Five Styles of Communication

Once we are face to face, communication is technically feasible, but we do not normally engage everyone at the same level.  Savage lists five styles of communication:  direct and open, open but partial, distorted full information, distort and delete information, and only non-verbal communication (15-16).  At best communication is an art:  people lie; people don’t listen’; people run off.  Being fully present is a gift that we give to those who we really care about.  In my experience, people notice immediately when you are really listening.


A lesson worth the price of the book is a technique called fogging which is often used by politicians and lawyers.  In fogging one only answers the part of the question that one agrees with.  The most famous example of fogging occurred in Matthew 22:15-22 when Jesus was baited with the question:  is it lawful to pay taxes…?  If he answers yes, then the Jews will be offended;  if he answers no, then the Romans will be offended.  Instead of answering, Jesus asks to see a coin–everyone agrees on the coin used to pay the tax.  When one fogs, one does not answer the whole question and does not become defensive—even when the question is hostile.  Fogging allows the conversation to continue without becoming emotionally charged.

Listening for the Five Types of Stories

Savage observes that in order for people to feel like they have been heard, you need to identify the emotional content of what they are saying. Oftentimes, this emotional content takes the form of one of five story types that he outlines (95), including.

  1. Anniversary.  An anniversary is a story connected to a date on the calendar. Perhaps someone important died or had an serious accident on a particular date. In the story of the patient, the date was a birthday. The most famous date at the time of Jesus was the Exodus of the people of Israel from Egypt which they celebrated as Passover each year.
  2.  A “I know a man who” story. In this case, the person under discussion is normally the person speaking because the subject matter is too sensitive. In the Bible, we read: “I know a man in Christ who fourteen years ago was caught up to the third heaven– whether in the body or out of the body I do not know, God knows.”(2 Cor 12:2)2.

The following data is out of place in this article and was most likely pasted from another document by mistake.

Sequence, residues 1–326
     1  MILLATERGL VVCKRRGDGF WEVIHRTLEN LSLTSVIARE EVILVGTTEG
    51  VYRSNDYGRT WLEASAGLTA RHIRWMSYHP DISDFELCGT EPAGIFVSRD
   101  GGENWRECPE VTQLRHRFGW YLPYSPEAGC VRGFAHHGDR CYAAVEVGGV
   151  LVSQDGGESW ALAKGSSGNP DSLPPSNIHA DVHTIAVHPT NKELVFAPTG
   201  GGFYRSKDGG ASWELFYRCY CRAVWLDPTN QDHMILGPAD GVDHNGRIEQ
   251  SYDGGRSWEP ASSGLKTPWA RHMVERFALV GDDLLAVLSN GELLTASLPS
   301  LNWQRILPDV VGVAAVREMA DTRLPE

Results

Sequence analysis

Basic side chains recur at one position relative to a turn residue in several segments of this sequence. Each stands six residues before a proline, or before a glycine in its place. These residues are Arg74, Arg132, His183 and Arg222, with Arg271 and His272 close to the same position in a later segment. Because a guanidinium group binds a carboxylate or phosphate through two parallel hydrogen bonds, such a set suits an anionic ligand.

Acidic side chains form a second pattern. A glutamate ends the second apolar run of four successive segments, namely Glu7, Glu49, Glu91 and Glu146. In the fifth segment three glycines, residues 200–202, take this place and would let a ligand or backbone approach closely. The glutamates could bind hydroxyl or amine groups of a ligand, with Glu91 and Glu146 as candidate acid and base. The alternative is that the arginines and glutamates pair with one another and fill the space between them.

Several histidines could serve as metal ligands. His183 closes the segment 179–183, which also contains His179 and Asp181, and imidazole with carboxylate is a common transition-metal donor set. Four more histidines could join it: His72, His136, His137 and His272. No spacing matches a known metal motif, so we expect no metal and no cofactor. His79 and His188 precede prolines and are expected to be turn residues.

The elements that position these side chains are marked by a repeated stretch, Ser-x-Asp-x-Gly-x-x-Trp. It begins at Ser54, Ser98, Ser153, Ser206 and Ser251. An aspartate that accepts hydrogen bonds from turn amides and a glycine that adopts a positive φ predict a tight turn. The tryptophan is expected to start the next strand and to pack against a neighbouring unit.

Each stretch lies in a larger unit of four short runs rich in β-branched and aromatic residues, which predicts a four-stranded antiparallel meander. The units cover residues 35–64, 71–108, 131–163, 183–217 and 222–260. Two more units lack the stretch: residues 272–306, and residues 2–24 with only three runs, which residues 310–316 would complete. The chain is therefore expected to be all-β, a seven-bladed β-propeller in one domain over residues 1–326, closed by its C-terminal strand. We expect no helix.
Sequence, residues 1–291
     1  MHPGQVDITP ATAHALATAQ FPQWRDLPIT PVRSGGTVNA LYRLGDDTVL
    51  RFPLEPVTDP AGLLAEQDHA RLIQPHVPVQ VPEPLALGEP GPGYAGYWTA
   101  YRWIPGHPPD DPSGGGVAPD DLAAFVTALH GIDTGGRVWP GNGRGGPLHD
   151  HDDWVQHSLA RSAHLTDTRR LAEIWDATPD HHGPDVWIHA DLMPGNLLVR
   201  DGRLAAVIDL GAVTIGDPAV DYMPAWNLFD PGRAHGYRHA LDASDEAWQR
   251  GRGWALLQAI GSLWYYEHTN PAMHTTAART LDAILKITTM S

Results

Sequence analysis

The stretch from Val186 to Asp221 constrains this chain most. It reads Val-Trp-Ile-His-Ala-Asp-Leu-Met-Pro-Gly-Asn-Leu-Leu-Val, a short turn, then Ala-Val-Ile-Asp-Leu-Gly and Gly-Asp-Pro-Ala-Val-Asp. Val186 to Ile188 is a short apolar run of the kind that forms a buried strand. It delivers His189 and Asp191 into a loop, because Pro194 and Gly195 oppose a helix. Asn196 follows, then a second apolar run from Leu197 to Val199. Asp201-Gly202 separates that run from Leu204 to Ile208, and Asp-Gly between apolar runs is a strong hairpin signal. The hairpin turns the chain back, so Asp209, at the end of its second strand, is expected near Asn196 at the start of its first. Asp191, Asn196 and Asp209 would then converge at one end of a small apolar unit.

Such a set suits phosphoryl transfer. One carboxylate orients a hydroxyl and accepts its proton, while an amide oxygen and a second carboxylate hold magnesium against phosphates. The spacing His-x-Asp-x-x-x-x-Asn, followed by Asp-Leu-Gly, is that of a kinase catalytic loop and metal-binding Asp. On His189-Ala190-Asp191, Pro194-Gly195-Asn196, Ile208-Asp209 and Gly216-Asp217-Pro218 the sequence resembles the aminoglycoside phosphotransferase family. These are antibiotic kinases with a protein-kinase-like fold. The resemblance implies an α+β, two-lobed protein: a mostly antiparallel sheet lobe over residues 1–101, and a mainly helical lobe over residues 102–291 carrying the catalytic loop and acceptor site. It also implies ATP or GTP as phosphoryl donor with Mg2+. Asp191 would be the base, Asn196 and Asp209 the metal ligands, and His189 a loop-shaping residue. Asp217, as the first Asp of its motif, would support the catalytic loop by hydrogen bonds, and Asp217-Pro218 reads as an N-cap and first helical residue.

3. A transition story has three parts—the past, the present, and the future. A hospital visit is normally a transition story. University studies are also a transition with three parts. A transition obvious in the Bible is the story of the Exodus when the people of Israel left the land of Egypt, went into the desert for forty years, and afterwards entered the Promised Land (Bridge 2003, 43). It is interesting that the people of Israel learned to depend on God during their time in the desert.
  4. A story from the past with current meaning. This is the typical story from the Bible, but this type of story gets special mention in the context of the Lord’s Supper where we read: “And he took bread, and when he had given thanks, he broke it and gave it to them, saying, This is my body, which is given for you. Do this in remembrance of me.”(Luke 22:19)
  5. A reinvestment story. This is a story like economist becomes pastor. That was then; this is now. In the Bible we see this type of story in the conversion of Paul from a persecutor of the church into an evangelist for Christ.

If you can identify the story that a person is telling, chances are good that you will connect with them at a deeper, emotional level.


Savage’s Listening & Caring Skills is a book that I have recommended, given away, taught, and preached about.  Active listening skills are of value in dealing with your children, difficult co-workers, and demanding supervisors.  In the church, pastors can benefit from periodically reviewing Savages principles and teaching them to those in leadership.  It is simply a great book.


William Bridge.  2003.  Managing Transitions:  Making the Most of Change.  Cambridge:  Da Capo Press. (Review)

Savage Teaches Listening; Hears Unheard Stories